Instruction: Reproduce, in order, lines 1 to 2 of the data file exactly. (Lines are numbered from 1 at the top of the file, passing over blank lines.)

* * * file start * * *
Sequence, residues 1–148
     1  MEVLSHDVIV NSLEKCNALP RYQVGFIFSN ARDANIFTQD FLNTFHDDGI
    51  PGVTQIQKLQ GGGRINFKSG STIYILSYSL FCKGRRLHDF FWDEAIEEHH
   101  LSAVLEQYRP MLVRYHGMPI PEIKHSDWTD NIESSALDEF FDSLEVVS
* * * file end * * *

Sequence, residues 1–148
     1  MEVLSHDVIV NSLEKCNALP RYQVGFIFSN ARDANIFTQD FLNTFHDDGI